The advantages of the cantilever system of construction as regards simplicity and rigidity were appreciated by the Chinese hundreds of years ago, and many timber structures on that [p.546] principle are still to be found. No important metallic structure of the kind was, however, in existence previous to the publishing of the designs of the Forth Bridge. The advantages of the system under the conditions found at the Queensferry crossing are enormous. Thus, as the superstructure can be erected without scaffolding, it is immaterial whether the water be two feet or two hundred feet deep. Again, as the cantilevers are built by commencing with the work over the piers, and adding successive portions of steel-work on each side until the cantilevers project the required distance, there is perfect solidity at all stages of the erection, and there are none of those periods of risk and anxiety which occur when girders are built on temporary staging, or are floated into position on pontoons, or otherwise erected. All of the anticipated advantages of the system have been fully realised in the case of the Forth Bridge, for at the present moment the cantilevers project about half their full length over the sea; upwards of 28,000 tons of steel-work have been erected, and not a single plate or bar has been lost or injured in any way during the wildest gales.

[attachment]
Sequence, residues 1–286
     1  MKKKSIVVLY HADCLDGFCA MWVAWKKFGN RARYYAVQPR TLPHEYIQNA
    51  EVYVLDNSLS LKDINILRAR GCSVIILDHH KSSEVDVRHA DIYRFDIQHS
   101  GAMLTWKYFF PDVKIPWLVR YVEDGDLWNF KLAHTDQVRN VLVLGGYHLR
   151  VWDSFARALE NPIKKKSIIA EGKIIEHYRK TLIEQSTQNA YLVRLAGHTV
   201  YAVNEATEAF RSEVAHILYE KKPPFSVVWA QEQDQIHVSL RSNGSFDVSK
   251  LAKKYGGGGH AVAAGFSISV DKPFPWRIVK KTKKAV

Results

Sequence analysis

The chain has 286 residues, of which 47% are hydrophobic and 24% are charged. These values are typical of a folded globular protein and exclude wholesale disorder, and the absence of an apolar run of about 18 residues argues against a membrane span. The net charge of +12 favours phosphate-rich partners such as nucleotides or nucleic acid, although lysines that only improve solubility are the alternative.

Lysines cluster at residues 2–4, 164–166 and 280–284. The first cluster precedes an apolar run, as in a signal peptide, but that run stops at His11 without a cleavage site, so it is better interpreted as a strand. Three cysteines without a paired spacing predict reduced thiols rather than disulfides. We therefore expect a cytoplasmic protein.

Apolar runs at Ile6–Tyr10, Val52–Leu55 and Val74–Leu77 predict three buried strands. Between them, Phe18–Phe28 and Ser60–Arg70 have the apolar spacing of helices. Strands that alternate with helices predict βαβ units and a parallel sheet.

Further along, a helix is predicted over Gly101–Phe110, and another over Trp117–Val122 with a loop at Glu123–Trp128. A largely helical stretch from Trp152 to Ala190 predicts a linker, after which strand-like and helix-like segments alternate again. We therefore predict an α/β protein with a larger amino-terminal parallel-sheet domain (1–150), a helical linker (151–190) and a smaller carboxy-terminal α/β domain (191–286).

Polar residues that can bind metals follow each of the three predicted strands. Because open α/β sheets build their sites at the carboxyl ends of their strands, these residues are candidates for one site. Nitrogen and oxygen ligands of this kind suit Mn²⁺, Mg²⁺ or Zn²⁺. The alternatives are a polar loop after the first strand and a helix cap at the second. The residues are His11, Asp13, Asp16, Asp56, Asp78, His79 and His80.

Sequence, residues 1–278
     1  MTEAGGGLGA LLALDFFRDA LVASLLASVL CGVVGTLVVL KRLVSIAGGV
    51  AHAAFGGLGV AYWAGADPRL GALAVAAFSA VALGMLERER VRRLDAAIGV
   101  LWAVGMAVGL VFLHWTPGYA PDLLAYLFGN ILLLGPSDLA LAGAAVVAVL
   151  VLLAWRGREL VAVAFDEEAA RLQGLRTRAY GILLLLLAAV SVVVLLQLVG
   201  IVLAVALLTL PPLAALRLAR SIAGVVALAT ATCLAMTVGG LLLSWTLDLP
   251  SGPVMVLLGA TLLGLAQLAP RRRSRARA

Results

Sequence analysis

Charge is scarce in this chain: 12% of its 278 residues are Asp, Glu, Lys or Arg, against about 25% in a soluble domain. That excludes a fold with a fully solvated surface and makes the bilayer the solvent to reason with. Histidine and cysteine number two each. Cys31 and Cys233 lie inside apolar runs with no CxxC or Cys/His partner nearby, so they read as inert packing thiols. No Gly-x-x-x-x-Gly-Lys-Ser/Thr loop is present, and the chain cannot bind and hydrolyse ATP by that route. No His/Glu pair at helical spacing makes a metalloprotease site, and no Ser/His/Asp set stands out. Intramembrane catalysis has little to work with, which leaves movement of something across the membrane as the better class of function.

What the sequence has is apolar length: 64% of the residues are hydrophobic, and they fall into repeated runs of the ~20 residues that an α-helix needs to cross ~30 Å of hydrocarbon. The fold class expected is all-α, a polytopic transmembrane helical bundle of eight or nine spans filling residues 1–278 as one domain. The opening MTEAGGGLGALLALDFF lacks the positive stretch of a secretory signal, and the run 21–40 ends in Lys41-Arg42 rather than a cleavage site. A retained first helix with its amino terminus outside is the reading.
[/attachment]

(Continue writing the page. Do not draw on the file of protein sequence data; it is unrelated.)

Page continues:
At no period of the operations has the Forth Bridge presented greater features of novelty and interest to its thousands of visitors than at present; nevertheless, there were times in the past when works now hidden and forgotten called for all the vigilance and skill of the engineers and contractors. Such were the pier-works at Inchgarvie and South Queensferry. Each of these piers consists of four columns of concrete and masonry, about seventy feet in diameter, founded on rock or boulder clay at depths up to ninety feet below high-water. The usual way in this country of building such piers is to enclose the site within cofferdams and pump out the water. In such a stormy estuary as the Forth this could not be done, so the piers were founded on enormous diving-bells, seventy feet in diameter, the masonry being built on the top of the bells, and the men working within the same, excavating the earth and passing it through air-locks into the open air, and so, by a process of undercutting, sinking the pier like a huge pile through the soft soil to a solid substratum. Powerful air-pumps kept the diving-bells charged with compressed air, by which means the water was excluded, and the men worked in a brilliantly lighted chamber seventy feet in diameter, at a depth of ninety feet below sea-level, as readily as on dry land. Of course it is not given to every one to work with comfort in a place where the barometer stands as high as one hundred and twenty inches, which it did in the Inchgarvie diving-bell caissons. One of the first sensations in passing from the ordinary atmospheric pressure into compressed air is a painful pressure on the drums of the ears, which is relieved by swallowing. A long continuance in a high pressure leads to paralysis of the nerves, the workmen walk with difficult step and a slight stoop, violent cramps and death often supervene. When Glaisher and Coxwell made their high balloon ascent in 1862, the barometer fell to seven and a half inches, and temporary paralysis of the nerves then occurred; but the matter for surprise is rather that the human organism should sustain at all such wide ranges of atmospheric pressure as from seven and a half inches to one hundred and twenty inches of mercury, than that some amount of personal inconvenience or danger should result from it.